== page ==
Up until World War Two, Japan was dominated by a small number of very large companies, the zaibatsu, that had massive influence on the economy.
However, in recent years the Japanese economy has become much more varied in terms of the size and structure of its companies, producing a complex web of inter-locking relationships between large and small firms. Competition amongst these smaller firms is very strong which results in a great number of bankruptcies in every sector – therefore the concept of life-time employment enjoyed by the total workforce is, and has been for some time, a myth.
Japanese companies, like Japanese society, are hierarchically organised with individuals knowing their position within a group and with regard to each other. It is this sense of belonging to the group that gives Japanese companies their strength and purpose. Group orientation and team working are not merely concepts and phrases in Japan but a way of life which permeates all aspects of corporate life at all levels.
Japanese hierarchy is based on consensus and co-operation rather than the top-down decision making process which often typifies western models of hierarchy. This means that people feel actively involved and committed. It can also mean that decisions are slow and have to be based on deep analysis or large amounts of information. ‘How can we get the Japanese to make their decisions more quickly’ is a question often asked by western businessmen. The answer is probably that you can’t!
Written and Produced by Keith Warburton
Japan – a decades old paradox. Ultimately modern; completely traditional.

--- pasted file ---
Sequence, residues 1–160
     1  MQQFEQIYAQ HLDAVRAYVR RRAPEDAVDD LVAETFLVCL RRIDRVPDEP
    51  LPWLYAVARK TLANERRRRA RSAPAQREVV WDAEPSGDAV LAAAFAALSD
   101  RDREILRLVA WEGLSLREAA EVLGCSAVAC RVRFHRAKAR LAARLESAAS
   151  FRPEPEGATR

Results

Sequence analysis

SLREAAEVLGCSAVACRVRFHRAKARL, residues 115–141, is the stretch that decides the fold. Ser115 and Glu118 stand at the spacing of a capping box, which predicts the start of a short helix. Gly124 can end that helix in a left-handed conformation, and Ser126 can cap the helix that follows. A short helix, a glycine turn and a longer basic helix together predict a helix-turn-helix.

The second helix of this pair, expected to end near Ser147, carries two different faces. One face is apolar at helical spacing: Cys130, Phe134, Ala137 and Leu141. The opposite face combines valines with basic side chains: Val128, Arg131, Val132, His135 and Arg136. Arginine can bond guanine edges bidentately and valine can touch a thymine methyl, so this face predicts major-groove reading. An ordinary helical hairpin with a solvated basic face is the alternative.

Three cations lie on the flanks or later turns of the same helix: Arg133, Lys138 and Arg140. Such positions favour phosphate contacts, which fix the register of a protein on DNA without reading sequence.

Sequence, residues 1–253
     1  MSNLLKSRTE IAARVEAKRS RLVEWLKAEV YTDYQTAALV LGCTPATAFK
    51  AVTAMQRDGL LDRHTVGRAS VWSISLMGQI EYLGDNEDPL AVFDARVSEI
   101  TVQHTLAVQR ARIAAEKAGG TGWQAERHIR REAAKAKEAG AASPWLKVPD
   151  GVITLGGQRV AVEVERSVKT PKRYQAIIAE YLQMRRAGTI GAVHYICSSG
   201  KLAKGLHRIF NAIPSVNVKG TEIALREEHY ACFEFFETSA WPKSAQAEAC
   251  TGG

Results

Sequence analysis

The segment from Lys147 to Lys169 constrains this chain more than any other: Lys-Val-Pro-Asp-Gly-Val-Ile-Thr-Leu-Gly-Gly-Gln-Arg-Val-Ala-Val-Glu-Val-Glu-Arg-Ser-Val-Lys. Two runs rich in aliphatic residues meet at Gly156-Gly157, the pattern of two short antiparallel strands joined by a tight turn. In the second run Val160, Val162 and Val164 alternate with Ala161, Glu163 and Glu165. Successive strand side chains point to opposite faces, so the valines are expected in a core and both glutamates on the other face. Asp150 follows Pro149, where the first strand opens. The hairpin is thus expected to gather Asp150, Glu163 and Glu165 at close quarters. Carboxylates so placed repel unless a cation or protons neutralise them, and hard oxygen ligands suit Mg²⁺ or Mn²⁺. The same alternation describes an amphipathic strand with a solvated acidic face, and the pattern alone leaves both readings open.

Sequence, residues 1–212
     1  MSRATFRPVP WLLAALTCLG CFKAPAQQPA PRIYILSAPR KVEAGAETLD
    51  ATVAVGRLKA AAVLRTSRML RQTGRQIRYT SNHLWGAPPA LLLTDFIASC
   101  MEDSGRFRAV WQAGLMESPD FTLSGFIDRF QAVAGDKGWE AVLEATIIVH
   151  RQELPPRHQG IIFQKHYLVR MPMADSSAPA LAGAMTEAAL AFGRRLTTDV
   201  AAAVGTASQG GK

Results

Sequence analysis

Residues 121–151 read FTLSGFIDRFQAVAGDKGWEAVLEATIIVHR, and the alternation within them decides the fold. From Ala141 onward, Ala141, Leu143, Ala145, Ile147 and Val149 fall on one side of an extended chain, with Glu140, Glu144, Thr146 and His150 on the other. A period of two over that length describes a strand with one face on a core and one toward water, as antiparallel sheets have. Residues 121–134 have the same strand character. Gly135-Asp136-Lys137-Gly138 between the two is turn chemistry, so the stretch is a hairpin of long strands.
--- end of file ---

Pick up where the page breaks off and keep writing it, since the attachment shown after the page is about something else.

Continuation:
It has perplexed observers for decades as to how Japan can be so advanced in terms of technology and infrastructure whilst at the same time being wedded to traditional cultural approaches to all things corporate. Japanese companies are at the same time innovative and disruptive whilst retaining strong alignment to traditional hierarchical structures, risk aversion and detail obsession. How does Japan retain its position in the global economic league tables when it seems to stubbornly refuses to move with the latest corporate thinking?
The question continues to be asked as to whether it is really possible to do business in Japan as a foreign entity or are things so weighted against foreign entrants that it really isn’t worth the effort. The answer has to be a resounding ‘yes’ as many companies have entered the Japanese market and had great success. However, many companies have also failed to crack the Japanese market.
So what is the key to doing business in Japan in a successful and sustainable manner? At Global Business Culture we strongly believe that understanding Japanese business culture is the key to success. How can Japan be innovative and traditional? The answer is ‘culture’. How can Japanese companies retain strong alignment to hierarchy and remain efficient? The answer is ‘culture’.
Looking at Japanese business culture is not a ‘nice to do’ it’s a definite ‘need to do’. Take the time to really understand the key drivers of your Japanese colleagues, clients and other stakeholder and you will find the benefits obvious and immediate.
This country profile provides an overview of some of the key aspects of Japanese business culture in a concise, easy to follow-format. The document includes information on: